Wednesday, June 11, 2014

The Saga Continues

Originally published on Passive Activities and Other Oxymorons on January 19th, 2011.
FIDELITY INTERNATIONAL CURRENCY ADVISOR A FUND, LLC v. U.S., Cite as 106 AFTR 2d 2010-7404, 12/20/2010

The story of Richard Egan's doomed tax shelters continues.  I thought I picked up the end of it in my post in October to which I provided a sequel with some followup commentary in my post on Krause v US.  It turns out that I get to add a fourth volume to the EMC trilogy.  Not being a litigator (or any other type of lawyer), I normally wouldn't pay any attention to something like this, but I've grown attached to this case.  Also, it is noteworthy that the Egan family's legal team has finally won at least a partial victory.  Maybe that's putting it a little too strongly.

This decision is about the cost of the cases.  I guess the way it works is that the Egan team lost spectacularly enough that they have to pay some of the costs incurred by the federal government.  It seems a little petty of the feds, but there is a big deficit and every little bit helps, I guess.  The government was seeking $220,944.65, which seems like quite a handsome sum.  You have to remember, though that, there was about $80,000,000 in tax and penalties at stake in the case.

Some of the discussion is illuminating

The electronically recorded transcripts must still be “necessarily obtained” for use in the case. Plaintiffs contend that video deposition expenses are not recoverable if the witness testifies at the trial, and objects to $18,791.00 in such costs claimed by defendant. That proposition is certainly doubtful as to witnesses (such as Stephanie Denby) who resided out-of-state and who may not have been available to testify at the trial. Furthermore, and in any event, in this case—particularly given its extreme complexities and uncertainties as to how and when the case would be tried and who would be then available to testify—the videotaping of the nine identified witnesses who later testified at trial was appropriate and necessary and properly taxable as a cost.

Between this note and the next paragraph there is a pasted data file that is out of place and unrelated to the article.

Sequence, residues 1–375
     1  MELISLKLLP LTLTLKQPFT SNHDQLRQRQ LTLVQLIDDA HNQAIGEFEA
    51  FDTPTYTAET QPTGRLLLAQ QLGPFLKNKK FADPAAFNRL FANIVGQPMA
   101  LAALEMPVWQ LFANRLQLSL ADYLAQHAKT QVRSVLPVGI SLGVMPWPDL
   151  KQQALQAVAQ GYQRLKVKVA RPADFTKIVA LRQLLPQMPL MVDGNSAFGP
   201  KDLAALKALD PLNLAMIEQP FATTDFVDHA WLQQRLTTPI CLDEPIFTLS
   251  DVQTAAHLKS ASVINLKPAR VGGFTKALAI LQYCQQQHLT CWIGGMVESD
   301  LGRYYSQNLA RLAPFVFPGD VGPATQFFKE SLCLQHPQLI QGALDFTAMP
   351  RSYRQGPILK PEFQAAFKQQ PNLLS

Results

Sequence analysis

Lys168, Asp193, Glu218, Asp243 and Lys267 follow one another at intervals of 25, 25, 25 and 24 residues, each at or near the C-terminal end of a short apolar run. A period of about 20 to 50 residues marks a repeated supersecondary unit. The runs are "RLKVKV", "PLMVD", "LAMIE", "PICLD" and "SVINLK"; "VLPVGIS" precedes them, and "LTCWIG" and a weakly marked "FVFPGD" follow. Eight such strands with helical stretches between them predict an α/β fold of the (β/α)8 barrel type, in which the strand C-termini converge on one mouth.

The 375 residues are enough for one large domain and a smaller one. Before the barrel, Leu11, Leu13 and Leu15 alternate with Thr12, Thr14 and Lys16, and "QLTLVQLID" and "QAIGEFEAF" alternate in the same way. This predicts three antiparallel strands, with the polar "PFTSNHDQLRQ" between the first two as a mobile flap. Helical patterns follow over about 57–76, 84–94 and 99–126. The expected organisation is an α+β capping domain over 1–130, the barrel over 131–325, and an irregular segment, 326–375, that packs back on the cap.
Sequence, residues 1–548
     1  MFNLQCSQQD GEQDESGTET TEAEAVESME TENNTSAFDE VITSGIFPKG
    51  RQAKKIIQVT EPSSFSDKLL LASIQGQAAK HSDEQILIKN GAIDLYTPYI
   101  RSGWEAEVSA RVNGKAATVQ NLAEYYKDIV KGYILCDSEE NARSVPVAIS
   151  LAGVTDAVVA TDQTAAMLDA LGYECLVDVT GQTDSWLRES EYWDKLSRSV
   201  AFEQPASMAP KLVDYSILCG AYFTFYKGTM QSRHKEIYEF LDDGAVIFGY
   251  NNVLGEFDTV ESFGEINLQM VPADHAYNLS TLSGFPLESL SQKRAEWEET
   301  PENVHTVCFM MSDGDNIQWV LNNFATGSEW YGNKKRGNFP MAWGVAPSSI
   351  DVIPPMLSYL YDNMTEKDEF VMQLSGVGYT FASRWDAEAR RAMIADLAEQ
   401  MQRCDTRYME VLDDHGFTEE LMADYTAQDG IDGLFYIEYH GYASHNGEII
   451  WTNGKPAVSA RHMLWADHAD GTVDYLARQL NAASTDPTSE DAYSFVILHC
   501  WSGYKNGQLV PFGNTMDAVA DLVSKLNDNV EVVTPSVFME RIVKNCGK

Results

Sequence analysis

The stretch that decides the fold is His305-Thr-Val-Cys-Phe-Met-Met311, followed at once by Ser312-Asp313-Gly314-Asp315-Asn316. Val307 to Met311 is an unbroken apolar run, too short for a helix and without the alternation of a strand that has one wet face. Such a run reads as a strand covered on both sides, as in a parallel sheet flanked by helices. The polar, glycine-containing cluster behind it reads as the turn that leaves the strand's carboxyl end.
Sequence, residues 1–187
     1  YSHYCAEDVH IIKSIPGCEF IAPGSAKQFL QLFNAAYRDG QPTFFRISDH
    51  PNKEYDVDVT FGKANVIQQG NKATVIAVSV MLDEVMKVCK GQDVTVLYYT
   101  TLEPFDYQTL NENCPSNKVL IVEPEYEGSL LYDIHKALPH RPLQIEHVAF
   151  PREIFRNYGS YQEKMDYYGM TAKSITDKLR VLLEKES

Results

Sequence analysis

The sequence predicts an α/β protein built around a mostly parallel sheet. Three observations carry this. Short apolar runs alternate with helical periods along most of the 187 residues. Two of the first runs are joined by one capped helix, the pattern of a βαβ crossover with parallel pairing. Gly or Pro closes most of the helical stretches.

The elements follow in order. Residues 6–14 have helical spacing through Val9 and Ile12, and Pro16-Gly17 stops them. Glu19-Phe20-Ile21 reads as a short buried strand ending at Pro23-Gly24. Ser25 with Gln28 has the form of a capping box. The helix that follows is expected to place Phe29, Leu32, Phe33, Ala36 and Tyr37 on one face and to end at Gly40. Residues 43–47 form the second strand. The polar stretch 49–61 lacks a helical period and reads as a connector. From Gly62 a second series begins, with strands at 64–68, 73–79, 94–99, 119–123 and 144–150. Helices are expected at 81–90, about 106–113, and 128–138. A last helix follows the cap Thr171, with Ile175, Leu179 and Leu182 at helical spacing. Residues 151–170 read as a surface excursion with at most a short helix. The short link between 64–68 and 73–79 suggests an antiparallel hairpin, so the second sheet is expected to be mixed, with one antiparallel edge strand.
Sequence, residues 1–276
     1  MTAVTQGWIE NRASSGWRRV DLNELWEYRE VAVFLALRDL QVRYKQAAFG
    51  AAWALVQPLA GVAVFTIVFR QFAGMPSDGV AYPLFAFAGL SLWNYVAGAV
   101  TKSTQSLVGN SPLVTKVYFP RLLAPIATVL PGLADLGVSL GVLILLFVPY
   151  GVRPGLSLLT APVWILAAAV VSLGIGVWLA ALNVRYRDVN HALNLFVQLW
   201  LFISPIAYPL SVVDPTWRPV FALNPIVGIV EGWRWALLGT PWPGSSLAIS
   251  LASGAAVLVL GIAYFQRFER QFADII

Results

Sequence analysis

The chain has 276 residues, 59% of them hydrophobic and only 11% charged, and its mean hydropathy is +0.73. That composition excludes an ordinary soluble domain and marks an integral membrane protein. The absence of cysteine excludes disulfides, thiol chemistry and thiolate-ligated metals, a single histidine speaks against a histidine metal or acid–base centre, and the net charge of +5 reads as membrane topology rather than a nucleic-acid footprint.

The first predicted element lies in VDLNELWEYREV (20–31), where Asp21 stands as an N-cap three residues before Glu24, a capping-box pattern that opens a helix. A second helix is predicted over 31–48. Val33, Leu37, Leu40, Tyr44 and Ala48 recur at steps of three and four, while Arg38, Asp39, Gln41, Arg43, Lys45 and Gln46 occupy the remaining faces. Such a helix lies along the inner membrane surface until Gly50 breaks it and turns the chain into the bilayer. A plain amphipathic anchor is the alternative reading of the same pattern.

Stephanie Denby's e-mails were some of the best material in the original decision.  I'd love to see her testimony, but I don't think they are planning on recovering some of the money in this case from releasing it on Netflix.

Plaintiffs object to the inclusion of $19,200 in printing and mounting costs for demonstrative exhibits, on the grounds that such exhibits were primarily presented electronically and were not necessary for use at trial. The government certainly was correct to make extensive use of demonstrative exhibits, given the complexity of the trial. The use of paper demonstrative exhibits was very helpful to the Court. The Court has reviewed the invoices submitted by the government, and is not prepared to reject them as unnecessary or excessive based on the evidence provided.

I wonder if there were circles and arrows and a paragraph on the back of each one explaining what it was.

Plaintiffs next object to the cost of printing the entire production of the Stephanie Denby documents during the trial. Under the circumstances, where the documents were not produced until relatively late, the cost was a necessary incident to the trial and will be allowed. 

I guess the e-mails that were quoted in the decision were just the highlights.

There were a few other issues.  In the end the court disallowed:

$17,328.12, reflecting the cost of expedited transcripts;
$26,626.90, reflecting the cost of "real time" deposition transmissions;
$12,183.54, reflecting the cost of "real time" trial transmissions;
$1,200.00, reflecting the cost of the rented copier;
$2,666.07, reflecting the cost of "miscellaneous supplies";
$83.19, reflecting the cost of "general and admin[istrative] expense; and
$5,808.28, reflecting a reduction of 3/7 of the trial exhibit copying costs.

All in, I make that to be a victory of 0.08% for the Egans.

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